We've been lying low at my house, nursing our bitterness, and indulging in theatrical self-torment as we try to assuage our battered egos.
We are UCLA fans.
It's not easy being one these days, not since last weekend's shellacking of the Bruin football squad by that other college team from Los Angeles. It doesn't help that the enemy is everywhere in Newport Beach.
Sometimes I wonder if the city is actually just an extension of the USC campus. Do residents get a break on their taxes when they fly those annoying flags?
I don't even particularly like football. I have a totally mom-type reaction to seeing all those strapping young men brutalize each other. I'd like to scold them for playing so rough and warn them to tone it down before someone really gets hurt.
Of course, someone always gets hurt, and then I spend the rest of the game worrying about the kid who was carried off the field.
At the time of this writing, I don't yet know whether UCLA will pull off a highly unlikely upset of Oregon at Friday's Pac-12 championship game.
But such a miraculous outcome wouldn't be enough to save Coach Rick Neuheisel, who was fired after the USC drubbing. Even a spot in the Rose Bowl would only go part of the way toward redeeming the Bruins' lackluster season.
Neither would it stifle the smirks of Trojans, who know they would have played for the championship if they hadn't been deemed ineligible because of NCAA rules violations (i.e., cheating).
I realize I risk my credentials as a real fan here, but unlike others who have castigated Neuheisel, I feel genuine sympathy for the guy. He always seemed so sincere and enthusiastic, and he's also a very snappy dresser, which counts for a lot in my book.
I also agonize for the UCLA quarterback, what's-his-name, who appears to be the kind of polite, earnest young man that any mother would be proud of, but whose talent dims next to the megawatt star power of USC's Matt Barkley, a Newport native who is now considered to be a contender for the Heisman Trophy.
But whether I appreciate or even understand football — what's a pistol offense again? — isn't the point when school pride is at stake.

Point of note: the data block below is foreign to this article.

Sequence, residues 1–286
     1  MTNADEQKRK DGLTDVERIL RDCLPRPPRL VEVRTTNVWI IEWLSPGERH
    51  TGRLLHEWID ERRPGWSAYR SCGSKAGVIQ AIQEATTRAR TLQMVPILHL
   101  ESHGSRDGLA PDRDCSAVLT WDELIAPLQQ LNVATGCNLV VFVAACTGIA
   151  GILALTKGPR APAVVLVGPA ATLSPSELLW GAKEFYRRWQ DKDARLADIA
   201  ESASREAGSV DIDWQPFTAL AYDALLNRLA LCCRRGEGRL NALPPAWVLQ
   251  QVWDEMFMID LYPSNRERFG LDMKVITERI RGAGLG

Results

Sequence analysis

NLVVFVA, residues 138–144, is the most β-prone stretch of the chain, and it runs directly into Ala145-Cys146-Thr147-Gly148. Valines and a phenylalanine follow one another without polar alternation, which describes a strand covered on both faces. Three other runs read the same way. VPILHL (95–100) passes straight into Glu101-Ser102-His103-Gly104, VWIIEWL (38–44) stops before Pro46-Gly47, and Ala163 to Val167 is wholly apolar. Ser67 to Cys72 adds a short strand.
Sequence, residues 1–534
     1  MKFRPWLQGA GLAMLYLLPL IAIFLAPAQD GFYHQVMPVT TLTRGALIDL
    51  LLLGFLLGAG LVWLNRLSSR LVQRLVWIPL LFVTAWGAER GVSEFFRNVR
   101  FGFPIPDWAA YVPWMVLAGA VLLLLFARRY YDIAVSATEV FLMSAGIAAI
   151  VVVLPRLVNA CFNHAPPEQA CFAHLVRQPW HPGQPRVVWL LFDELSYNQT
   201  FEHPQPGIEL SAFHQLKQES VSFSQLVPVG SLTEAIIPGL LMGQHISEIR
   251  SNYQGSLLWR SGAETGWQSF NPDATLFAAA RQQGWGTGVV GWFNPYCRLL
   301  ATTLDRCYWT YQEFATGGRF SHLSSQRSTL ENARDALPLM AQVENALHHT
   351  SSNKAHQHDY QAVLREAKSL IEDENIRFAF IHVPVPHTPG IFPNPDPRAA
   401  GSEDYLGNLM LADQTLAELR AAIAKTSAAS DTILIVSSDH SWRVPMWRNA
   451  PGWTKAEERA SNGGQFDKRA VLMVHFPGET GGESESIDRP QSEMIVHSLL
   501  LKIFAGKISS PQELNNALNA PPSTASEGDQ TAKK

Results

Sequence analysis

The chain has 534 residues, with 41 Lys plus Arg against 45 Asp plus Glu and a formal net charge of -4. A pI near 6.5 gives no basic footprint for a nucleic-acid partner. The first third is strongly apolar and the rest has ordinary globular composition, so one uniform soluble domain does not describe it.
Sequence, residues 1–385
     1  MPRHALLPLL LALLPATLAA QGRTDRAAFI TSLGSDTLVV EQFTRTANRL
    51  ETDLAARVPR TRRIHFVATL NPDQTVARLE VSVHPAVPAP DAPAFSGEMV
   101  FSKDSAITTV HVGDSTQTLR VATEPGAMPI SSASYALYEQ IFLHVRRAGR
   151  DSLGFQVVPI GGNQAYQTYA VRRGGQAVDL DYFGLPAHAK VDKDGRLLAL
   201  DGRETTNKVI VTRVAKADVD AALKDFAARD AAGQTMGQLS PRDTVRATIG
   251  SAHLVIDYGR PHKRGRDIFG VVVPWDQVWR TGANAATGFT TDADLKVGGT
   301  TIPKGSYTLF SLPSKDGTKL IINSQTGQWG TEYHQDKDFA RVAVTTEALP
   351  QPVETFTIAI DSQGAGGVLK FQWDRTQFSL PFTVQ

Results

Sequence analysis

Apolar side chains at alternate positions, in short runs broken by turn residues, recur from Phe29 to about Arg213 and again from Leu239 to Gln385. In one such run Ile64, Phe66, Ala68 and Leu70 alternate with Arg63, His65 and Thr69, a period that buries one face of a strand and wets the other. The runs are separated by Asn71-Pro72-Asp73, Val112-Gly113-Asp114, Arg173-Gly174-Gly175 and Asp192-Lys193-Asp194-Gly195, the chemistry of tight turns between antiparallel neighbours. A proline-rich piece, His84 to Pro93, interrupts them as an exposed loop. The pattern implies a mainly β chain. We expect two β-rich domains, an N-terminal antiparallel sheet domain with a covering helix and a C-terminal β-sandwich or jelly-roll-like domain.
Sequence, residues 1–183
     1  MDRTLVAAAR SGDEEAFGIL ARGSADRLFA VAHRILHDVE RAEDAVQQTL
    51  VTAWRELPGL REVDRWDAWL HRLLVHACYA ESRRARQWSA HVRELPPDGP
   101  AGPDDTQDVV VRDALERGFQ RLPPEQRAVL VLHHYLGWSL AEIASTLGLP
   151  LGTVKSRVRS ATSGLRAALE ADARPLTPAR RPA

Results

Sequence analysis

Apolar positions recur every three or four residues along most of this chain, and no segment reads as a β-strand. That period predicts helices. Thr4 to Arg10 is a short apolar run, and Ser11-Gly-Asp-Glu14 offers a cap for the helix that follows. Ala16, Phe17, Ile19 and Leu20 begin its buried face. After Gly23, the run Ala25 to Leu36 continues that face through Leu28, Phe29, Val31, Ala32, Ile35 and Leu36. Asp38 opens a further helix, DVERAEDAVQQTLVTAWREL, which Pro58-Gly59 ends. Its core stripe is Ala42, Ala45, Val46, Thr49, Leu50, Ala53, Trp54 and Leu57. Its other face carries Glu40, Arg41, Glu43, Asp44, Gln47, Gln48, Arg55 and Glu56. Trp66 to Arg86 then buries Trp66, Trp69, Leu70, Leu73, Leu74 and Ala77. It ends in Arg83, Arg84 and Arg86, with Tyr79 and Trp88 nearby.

I am a Bruin through and through; blue and gold courses through my veins. My three older siblings all graduated from UCLA. I met my husband there. Now my older son attends UCLA, and my younger son, still in high school, has been brainwashed since birth.
I still go to many games and do the eight-clap because I remain devoted to my alma mater, even when it hurts. And right now, it hurts a lot.
Sadly, last weekend's miserable 50-0 blanking wasn't even UCLA's worst defeat in the history of the annual matchups with the dreaded Trojans; it was the third worst. In the past 13 contests, UCLA has won once.
We console ourselves with all kinds of bromides to cover our mortification, and we take comfort in knowing that UCLA is far superior in every other conceivable way. Not bragging here, just stating the facts: UCLA still holds the record for the most NCAA championships.
Bruins are smarter, hipper and infinitely more humble. We had John Wooden. End of story.
The Trojans, among other failings, are terrible at history. How else to explain their choice of a mascot based on one of the all-time biggest losers, the denizens of a city-state who were overrun by Sparta because they were dumb enough to fall for the old wooden horse routine?
Now let me assure my Trojan friends — amazingly, I have many — that I love you dearly on an individual, I-forgive-you-for-what-you-are-and-where-you-come-from level. I can rise above the pettiness and name-calling and one-upping to admit that some of you are actually decent people.
But in the aggregate, say in a crowded football stadium, I see an Evil Empire, the University of Spoiled Children with its over-the-top fundraising machine and unapologetic arrogance.
"Oh yeah, we're terrible. We like to flaunt it," admitted Gil Lukosky, owner of Nikki's Flags in Newport Beach.
As you might guess, Lukosky, a USC alumnus, is responsible for many of those aforementioned Trojan flags that hang all over town. They're his most popular item, and they outsell UCLA flags by a 10-1 margin.
Lukosky also sells the now-ubiquitous "House Divided" flags, but even those don't always keep the peace. Spouses have been known to argue about which school name to put on the upper portion of the divide; sometimes they resort to buying two flags with the names flip-flopped.
The rivalry is clearly good for Lukosky's business, but right now all those flags seem to be mocking my pain.
So how can we recover from another humiliating loss at the hands of the Trojans?
I suggest we Bruins walk tall, hold our heads high, and remember that UCLA offers the finest education our dwindling public funding can buy. We must take heart in the knowledge that there's a very good reason the Westwood campus receives more applications, year after year, than any other university. We are proud, we are mighty, we are Bruins.
And if that doesn't help, well, there's always next year.
PATRICE APODACA is a Newport-Mesa public school parent and former Los Angeles Times staff writer. She is also a regular contributor to Orange Coast magazine. She lives in Newport Beach.